By Tambay A. Obenson | Shadow and Act May 13, 2013 at 3:36PM
Doha Film Institute (DFI) today unveiled at Cannes, a significant expansion to its existing grants program, which will allow it to support new talent from around the world.
The expanded program is open to first- and second-time filmmakers only. Applications are accepted from three regions: the Middle East and North Africa (MENA); the OECD’s Development Assistance Committee list of countries (DAC); and the rest of the world. Different submissions criteria apply for each region.
DFI Grants will retain its emphasis on supporting filmmakers from the MENA region, while at the same time opening its program to emerging talent from around the world. Under the new criteria, all projects by directors and screenwriters from the MENA region are eligible for submission. Any narrative features from DAC countries are also eligible. All other submissions are by invitation only.
In total the program will support up to eight narrative and four documentary features from all regions and up to eight further projects from the MENA region in each grant cycle. There are two grant cycles per annum.
Further details on the eligibility criteria will be available on DFI’s website (www.dohafilminstitute.com) from mid-June. Submissions for the next grant cycle will be accepted from July 15, 2013.
Meanwhile, in the final cycle of DFI’s MENA Grants program, 19 new projects have been selected for the 2013 spring session, including 11 fiction and 8 documentary films selected from 236 applicants. A significant increase in applications from North Africa was noted this round, as well as a marked rise in co-production applicants.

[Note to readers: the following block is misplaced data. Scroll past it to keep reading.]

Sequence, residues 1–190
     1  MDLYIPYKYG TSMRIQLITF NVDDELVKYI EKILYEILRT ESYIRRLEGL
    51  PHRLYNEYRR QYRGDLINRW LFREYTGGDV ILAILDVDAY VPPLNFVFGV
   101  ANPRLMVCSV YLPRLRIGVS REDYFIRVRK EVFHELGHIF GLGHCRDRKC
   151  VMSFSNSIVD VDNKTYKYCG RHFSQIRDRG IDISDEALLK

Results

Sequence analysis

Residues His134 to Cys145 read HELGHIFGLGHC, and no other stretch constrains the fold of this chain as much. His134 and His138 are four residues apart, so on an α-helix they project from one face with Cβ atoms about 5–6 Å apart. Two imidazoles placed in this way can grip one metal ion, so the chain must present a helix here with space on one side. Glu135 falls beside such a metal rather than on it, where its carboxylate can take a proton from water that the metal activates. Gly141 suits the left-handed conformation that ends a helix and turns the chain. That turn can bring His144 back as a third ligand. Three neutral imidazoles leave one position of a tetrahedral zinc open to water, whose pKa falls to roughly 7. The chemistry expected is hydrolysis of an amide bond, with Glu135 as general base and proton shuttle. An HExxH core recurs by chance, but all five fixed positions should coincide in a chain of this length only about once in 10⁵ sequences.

Paul Miller, Head of DFI Film Financing, said: “It’s fantastic to see the originality and range of themes and topics that our 19 recipients have shown in this round of submissions, as well as the large number of female and first- and second-time directors. This round of applicants impressed us with their highly personal stories that reflect the complex social and cultural realities of contemporary life in theMENA region. We look forward to working with them to bring these new projects to life.”
Miller concluded: “We have decided to expand our grants program to allow DFI to have a hand in discovering the next generations of film talent from around the world. In the future, our grants scheme will allow for ever-increasing creative and cultural exchange among MENA recipients and talented individuals who represent film culture around the world”.
I'll return with individual profiles; but in the meantime, grantees for the Spring 2013 session are:
Feature Narrative – Development Grants
- Honey Cigar (Kamir Aïnouz, Algeria)
- James Dean and Me (Sameh Zoabi, Palestine)
- Nawara – The Light Blue Satin Robe (Hala Khalil, Egypt)
- Son of a Dog (Alain Sauma, Lebanon)
Feature Narrative – Production Grants
- 2 Rooms and a Parlor (Sherif El Bendary, Egypt)
- Tramontane (Vatche Boulghourjian, Lebanon)
- Wooden Rifle (Alfouz Tanjour, Syria)
Feature Narrative – Post-Production Grants
Short Narrative – Production Grants
Feature Documentary – Development Grant
- Ahmed in Wonderland (Erige Sehiri, Tunisia/France)
Feature Documentary – Production Grants
- The Coming Attraction (Nidal Al Dibs, (Egypt)
- Executioners Never Tell Their Stories (Ali Essafi, Morocco)
- The Foreign Son (Abdallah Badis, Algeria/France)
- Jeanne d’Arc Masriya (Iman Kamel, Egypt)
- My Uncle The “Terrorist” (Elias Moubarak, Lebanon)
- Out/In the Streets (Jasmina Metwaly and Philip Rizk, Egypt)
- The Rise of the Gulf/Beyond Black Gold (Frederic Compain, UAE/France)